• July 25, 2018

Some time ago, we pointed out the obvious (at which we are particularly adept, btw):

When people get desperate, they sometimes do desperate things.

And our research suggests that this is true not only of human beings but also true of lawyers (who are almost indistinguishable from people, btw).

One land-mine that lies just inches off the lawyer’s righteous path, which lawyers deviate from at their peril, involves conflicts of interest.

Photo by Jonathan Rotondo-McCord

Imagine, for example, you perform legal work for Client Company A and Mr. Jones at Company A jumps ship to work in the same industry for Company B. How irresistible to pick up a new client (Company B) when Mr. Jones calls up, right? You know Client A’s business, you know Jones, you know Client B’s business! What a great bargain for Company B (and for you and your law firm)! Company A, on the other hand, might not take it so well…

It seems possible that the temptation was too great for Minnesota intellectual property lawyer, Mark Di Pietro and his former law firm, Pauly Devries Smith Deffner. Mr. Pietro did work for Adherent Labs (“Company A”). Mr. William Bunnelle, a part owner of Adherent (“Mr. Jones”), peeled off from Adherent and adhered to IFS Industries, Inc. (“Company B”).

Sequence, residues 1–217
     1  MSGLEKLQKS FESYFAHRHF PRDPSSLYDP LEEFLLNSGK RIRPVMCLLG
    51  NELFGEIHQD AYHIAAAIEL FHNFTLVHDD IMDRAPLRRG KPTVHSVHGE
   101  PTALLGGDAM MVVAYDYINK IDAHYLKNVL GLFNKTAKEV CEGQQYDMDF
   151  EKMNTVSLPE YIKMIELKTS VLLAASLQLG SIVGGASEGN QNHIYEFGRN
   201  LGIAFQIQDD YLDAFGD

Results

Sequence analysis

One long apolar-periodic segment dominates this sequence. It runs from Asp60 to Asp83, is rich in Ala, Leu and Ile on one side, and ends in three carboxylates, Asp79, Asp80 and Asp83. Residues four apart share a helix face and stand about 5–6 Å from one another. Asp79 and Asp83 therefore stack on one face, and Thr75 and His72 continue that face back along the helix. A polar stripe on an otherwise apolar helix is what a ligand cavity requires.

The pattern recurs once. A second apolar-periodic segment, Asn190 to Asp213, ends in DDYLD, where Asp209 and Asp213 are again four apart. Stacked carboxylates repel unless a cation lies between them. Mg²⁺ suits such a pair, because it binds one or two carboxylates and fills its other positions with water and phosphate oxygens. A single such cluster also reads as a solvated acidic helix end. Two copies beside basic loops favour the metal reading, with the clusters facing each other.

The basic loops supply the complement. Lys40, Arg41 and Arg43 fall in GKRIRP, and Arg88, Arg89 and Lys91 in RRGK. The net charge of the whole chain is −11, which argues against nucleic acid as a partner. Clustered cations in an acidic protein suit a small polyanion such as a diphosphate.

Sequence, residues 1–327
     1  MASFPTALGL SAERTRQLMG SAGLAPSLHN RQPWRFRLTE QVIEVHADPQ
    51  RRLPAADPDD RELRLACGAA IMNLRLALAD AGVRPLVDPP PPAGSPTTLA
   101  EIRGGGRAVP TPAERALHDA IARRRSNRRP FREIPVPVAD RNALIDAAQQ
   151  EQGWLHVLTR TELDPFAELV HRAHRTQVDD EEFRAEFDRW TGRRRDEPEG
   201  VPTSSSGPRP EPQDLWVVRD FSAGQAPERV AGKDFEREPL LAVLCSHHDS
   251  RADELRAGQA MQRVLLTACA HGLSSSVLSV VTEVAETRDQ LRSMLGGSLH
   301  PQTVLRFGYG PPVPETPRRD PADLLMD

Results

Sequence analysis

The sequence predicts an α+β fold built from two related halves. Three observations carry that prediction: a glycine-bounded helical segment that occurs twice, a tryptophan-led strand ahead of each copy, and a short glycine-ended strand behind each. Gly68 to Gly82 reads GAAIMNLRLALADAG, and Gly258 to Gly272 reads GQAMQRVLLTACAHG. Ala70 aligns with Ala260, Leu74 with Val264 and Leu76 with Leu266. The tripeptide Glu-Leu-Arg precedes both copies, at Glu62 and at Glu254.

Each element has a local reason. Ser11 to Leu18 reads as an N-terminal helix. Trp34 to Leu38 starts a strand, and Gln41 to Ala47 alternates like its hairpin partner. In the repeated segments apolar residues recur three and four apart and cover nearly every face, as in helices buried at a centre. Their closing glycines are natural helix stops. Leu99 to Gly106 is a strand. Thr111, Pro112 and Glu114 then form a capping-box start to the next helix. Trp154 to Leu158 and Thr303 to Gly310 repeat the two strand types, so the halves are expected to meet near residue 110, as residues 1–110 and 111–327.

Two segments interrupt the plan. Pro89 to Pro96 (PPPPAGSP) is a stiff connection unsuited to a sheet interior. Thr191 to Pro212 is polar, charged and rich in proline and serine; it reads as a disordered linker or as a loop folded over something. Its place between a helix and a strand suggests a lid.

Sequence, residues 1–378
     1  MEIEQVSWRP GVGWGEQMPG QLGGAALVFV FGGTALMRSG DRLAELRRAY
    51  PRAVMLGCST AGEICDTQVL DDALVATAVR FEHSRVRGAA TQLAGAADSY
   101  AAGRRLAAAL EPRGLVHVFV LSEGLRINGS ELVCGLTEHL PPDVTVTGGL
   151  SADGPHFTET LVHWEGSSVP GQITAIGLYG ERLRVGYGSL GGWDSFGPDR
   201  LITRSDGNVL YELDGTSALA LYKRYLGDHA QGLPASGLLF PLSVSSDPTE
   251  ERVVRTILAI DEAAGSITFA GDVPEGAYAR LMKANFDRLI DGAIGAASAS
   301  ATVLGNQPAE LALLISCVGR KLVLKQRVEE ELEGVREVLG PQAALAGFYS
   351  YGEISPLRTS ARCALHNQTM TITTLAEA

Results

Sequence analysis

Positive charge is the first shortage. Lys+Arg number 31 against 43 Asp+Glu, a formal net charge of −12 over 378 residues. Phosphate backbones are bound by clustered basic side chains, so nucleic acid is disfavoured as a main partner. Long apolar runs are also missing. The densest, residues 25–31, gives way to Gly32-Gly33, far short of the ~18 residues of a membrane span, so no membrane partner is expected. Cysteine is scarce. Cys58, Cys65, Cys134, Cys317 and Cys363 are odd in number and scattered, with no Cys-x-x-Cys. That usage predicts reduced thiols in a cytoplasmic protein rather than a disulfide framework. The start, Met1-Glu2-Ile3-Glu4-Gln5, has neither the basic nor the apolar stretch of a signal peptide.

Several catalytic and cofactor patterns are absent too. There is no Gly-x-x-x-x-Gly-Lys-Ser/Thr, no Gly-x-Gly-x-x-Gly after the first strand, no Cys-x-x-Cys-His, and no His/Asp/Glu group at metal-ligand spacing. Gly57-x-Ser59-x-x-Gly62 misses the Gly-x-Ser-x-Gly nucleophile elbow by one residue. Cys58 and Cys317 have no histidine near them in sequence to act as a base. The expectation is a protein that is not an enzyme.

(These companies are in the business of hot melt adhesives, btw.)

Mr. Pietro and his firm bonded to their new client, Company B, but, unfortunately, there were some residual strings clinging between Mr. Pietro and Company A (e.g., fiduciary duties that “Jones” owed “Client Company A”).

Now Mr. Pietro and Pauly Devries are stuck with grappling with the formidable Minneapolis litigation powerhouse of Anthony Ostlund Baer & Louwagie P.A. (AOSB&L), representing  Adherent Laboratories.

AOSB&L is not a fun adversary (as if there were ever such a thing).

The relevant practice pointer goes without saying. We will, however, note that transactional lawyers (that is, lawyers who do not spend their time in direct adversarial roles like litigators) are particularly susceptible to missing the risks posed by conflicts of interest. The lines between adversaries (and, even more, between merely potential (“reasonably foreseeable”) adversaries) can be blurrier for non-litigator lawyers than for litigators (who spend much of their time being (often unjustly) accused of conflicts of interest so it is (or should be) a more salient risk for them day to day).

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